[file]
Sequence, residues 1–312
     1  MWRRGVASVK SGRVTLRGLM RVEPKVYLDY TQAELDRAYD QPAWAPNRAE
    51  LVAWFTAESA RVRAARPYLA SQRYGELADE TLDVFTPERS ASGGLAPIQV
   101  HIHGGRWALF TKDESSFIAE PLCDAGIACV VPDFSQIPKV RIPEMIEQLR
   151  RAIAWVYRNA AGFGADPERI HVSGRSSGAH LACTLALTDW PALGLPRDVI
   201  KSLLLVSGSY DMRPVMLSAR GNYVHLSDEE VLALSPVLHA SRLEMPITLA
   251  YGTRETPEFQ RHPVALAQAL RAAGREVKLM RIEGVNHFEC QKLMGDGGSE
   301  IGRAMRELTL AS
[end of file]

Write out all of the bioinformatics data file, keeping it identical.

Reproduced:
Sequence, residues 1–312
     1  MWRRGVASVK SGRVTLRGLM RVEPKVYLDY TQAELDRAYD QPAWAPNRAE
    51  LVAWFTAESA RVRAARPYLA SQRYGELADE TLDVFTPERS ASGGLAPIQV
   101  HIHGGRWALF TKDESSFIAE PLCDAGIACV VPDFSQIPKV RIPEMIEQLR
   151  RAIAWVYRNA AGFGADPERI HVSGRSSGAH LACTLALTDW PALGLPRDVI
   201  KSLLLVSGSY DMRPVMLSAR GNYVHLSDEE VLALSPVLHA SRLEMPITLA
   251  YGTRETPEFQ RHPVALAQAL RAAGREVKLM RIEGVNHFEC QKLMGDGGSE
   301  IGRAMRELTL AS